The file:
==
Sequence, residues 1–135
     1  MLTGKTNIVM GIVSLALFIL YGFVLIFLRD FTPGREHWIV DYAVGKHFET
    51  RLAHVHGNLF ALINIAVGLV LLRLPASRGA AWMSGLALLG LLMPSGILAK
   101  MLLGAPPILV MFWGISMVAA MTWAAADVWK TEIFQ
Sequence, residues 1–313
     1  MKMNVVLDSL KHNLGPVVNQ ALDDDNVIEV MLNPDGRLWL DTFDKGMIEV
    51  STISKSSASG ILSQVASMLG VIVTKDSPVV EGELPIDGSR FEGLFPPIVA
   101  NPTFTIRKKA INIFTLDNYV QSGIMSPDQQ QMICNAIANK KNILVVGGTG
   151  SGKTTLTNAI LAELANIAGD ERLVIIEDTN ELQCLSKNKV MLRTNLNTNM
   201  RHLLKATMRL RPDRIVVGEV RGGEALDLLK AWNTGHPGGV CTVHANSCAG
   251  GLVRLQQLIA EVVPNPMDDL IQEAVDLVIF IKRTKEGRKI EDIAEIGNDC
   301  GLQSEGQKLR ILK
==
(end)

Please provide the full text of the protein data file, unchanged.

Sequence, residues 1–135
     1  MLTGKTNIVM GIVSLALFIL YGFVLIFLRD FTPGREHWIV DYAVGKHFET
    51  RLAHVHGNLF ALINIAVGLV LLRLPASRGA AWMSGLALLG LLMPSGILAK
   101  MLLGAPPILV MFWGISMVAA MTWAAADVWK TEIFQ
Sequence, residues 1–313
     1  MKMNVVLDSL KHNLGPVVNQ ALDDDNVIEV MLNPDGRLWL DTFDKGMIEV
    51  STISKSSASG ILSQVASMLG VIVTKDSPVV EGELPIDGSR FEGLFPPIVA
   101  NPTFTIRKKA INIFTLDNYV QSGIMSPDQQ QMICNAIANK KNILVVGGTG
   151  SGKTTLTNAI LAELANIAGD ERLVIIEDTN ELQCLSKNKV MLRTNLNTNM
   201  RHLLKATMRL RPDRIVVGEV RGGEALDLLK AWNTGHPGGV CTVHANSCAG
   251  GLVRLQQLIA EVVPNPMDDL IQEAVDLVIF IKRTKEGRKI EDIAEIGNDC
   301  GLQSEGQKLR ILK